Neuroscientific Biopharmaceuticals CEO and MD Matthew Liddelow says the company has entered one of the most exciting stages of its existence – successfully transitioning into clinical trials for its lead drug, peptide based compound, EmtinB, which the company hopes will become a key treatment therapy for neurodegenerative conditions like Multiple Sclerosis and Alzheimer’s disease.

“The development of effective treatments for the vast majority of neurodegenerative conditions is limited by inadequate characterisation of these diseases – many questions regarding the direct causes remain unanswered,” he said.

“Instead of focusing on assumed processes of the disease itself, Neuroscientific Biopharmaceuticals (ASX:NSB) is developing a potential solution by targeting the cells that are directly affected by these diseases and stimulating survival mechanisms that allow the affected cells to withstand the damaging consequences of these diseases.

“EmtinB has the potential to address this unmet medical need, with the drug’s novel mode of action harnessing the body’s own defence mechanisms to combat the progression of these neurodegenerative conditions.”

And now the early-phase clinical trial for EmtinB underway, with Human Research Ethics Committee (HREC) approval for its Phase I clinical trial pending.

“NSB expects to achieve a number of key milestones during the 2H CY2022,” Liddelow said.

Early-Phase Clinical Trial underway

Recruitment started in late June 2022 for Early-Phase Clinical Trial, which aims to develop biomarker data from human blood samples.

This is expected to indicate proof of the mechanism of activity of EmtinB in humans for the purpose of guiding efficacy outcomes during future clinical trials in patients.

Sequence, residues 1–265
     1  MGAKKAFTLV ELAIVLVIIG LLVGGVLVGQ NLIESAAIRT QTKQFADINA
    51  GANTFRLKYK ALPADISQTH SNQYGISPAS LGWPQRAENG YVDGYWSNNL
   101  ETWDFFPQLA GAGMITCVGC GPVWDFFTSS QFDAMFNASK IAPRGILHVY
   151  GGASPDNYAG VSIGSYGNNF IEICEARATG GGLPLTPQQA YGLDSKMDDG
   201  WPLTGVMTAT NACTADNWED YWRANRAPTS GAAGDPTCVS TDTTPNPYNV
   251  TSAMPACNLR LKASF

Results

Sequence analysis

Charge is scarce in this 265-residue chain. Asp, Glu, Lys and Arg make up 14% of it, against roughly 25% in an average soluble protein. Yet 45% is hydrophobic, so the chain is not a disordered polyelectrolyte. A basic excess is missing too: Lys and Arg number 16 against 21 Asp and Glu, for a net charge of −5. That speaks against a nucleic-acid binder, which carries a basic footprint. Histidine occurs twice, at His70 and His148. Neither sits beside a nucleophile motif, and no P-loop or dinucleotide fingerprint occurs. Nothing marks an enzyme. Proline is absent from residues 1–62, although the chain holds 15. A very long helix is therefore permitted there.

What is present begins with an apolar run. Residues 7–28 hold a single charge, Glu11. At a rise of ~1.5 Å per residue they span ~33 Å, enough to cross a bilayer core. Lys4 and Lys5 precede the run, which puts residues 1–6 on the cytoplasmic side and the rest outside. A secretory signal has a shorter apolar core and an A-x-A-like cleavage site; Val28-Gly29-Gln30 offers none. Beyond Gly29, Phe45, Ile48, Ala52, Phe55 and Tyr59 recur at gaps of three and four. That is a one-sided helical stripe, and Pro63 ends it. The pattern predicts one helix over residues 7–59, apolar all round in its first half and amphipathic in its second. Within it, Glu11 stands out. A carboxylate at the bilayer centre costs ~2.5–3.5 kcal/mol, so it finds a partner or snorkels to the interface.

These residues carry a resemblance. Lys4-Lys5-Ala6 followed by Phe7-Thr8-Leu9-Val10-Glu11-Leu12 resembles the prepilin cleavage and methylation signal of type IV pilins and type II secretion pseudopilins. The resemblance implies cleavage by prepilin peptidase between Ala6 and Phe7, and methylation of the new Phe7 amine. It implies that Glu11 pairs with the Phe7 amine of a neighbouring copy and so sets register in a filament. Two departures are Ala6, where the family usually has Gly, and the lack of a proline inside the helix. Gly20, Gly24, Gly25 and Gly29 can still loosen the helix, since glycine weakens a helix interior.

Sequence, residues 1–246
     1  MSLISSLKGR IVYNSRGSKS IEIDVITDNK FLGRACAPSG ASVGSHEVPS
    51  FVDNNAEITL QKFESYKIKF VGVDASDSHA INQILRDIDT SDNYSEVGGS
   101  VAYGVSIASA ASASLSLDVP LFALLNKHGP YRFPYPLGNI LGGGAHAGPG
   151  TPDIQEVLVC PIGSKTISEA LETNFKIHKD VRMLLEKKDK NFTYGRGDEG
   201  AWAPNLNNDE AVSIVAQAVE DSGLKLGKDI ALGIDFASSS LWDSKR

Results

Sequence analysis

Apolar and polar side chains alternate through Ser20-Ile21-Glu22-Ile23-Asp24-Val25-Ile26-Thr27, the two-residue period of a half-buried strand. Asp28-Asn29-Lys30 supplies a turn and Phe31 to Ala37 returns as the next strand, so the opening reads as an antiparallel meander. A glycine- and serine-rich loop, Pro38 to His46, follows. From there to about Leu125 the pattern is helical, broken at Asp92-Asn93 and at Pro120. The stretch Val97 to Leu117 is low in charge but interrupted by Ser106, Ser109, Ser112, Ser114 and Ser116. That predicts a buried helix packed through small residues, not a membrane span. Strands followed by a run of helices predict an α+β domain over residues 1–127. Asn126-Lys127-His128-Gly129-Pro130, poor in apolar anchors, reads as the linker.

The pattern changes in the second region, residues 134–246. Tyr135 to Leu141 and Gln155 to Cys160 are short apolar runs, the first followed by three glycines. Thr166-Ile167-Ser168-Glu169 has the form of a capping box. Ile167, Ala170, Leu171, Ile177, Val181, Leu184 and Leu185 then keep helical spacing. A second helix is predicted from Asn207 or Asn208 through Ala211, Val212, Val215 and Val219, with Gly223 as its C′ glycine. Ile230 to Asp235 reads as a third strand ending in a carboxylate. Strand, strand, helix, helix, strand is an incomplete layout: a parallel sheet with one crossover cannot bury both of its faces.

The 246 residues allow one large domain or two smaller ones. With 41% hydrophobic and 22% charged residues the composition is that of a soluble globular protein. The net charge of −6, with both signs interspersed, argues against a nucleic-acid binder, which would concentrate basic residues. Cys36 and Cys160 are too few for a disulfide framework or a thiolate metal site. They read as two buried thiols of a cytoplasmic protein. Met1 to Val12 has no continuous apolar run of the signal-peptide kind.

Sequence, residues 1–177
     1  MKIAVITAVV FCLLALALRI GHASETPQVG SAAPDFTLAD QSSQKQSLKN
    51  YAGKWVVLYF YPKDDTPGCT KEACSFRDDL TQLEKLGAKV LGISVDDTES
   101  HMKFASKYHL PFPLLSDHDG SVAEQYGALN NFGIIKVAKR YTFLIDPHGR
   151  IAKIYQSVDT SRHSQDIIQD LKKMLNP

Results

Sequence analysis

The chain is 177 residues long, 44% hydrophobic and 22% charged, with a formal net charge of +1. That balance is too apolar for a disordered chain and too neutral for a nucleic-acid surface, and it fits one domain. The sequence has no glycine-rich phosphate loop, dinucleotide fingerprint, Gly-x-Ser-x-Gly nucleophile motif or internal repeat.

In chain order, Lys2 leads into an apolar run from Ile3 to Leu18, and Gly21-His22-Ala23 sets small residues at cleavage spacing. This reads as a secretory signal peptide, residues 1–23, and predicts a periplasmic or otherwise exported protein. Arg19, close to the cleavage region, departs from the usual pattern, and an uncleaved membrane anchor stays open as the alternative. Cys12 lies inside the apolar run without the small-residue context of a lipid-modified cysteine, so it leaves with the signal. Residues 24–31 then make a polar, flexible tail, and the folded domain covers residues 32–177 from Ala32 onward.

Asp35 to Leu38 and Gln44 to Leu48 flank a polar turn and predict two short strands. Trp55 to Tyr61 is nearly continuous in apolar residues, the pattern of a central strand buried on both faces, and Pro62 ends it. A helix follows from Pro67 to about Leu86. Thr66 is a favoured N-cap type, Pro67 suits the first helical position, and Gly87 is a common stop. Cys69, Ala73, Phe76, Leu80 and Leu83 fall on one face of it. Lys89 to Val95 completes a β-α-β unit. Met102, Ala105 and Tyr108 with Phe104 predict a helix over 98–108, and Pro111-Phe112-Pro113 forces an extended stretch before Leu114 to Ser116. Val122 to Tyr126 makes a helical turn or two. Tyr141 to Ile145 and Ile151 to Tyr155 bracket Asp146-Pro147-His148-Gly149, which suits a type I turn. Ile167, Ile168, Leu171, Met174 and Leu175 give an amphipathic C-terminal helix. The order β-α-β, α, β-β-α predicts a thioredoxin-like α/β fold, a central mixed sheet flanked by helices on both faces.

NSB also submitted its Phase I clinical trial for HREC review in early-July this year, and achieving approval to commence the Phase I clinical trial will be another key milestone for the company,” Liddelow says.

Positive results in multiple sclerosis animal studies

NSB is also undertaking animal studies in industry gold-standard models for multiple sclerosis, and have already reported very promising preliminary results from one study.

“These studies aim to characterise the treatment effect of EmtinB in models that represent the different stages of MS, such as the relapse-remitting stage and the more advanced progressive stage of MS,” Liddelow says.

“Essentially, we are hoping to see significant differences in a range of measures that equate to slowing the progression of the disease.”

These studies will be undertaken during the 2H of CY2022.

 This article was developed in collaboration with Neuroscientific Biopharmaceuticals Limited, a Stockhead advertiser at the time of publishing.

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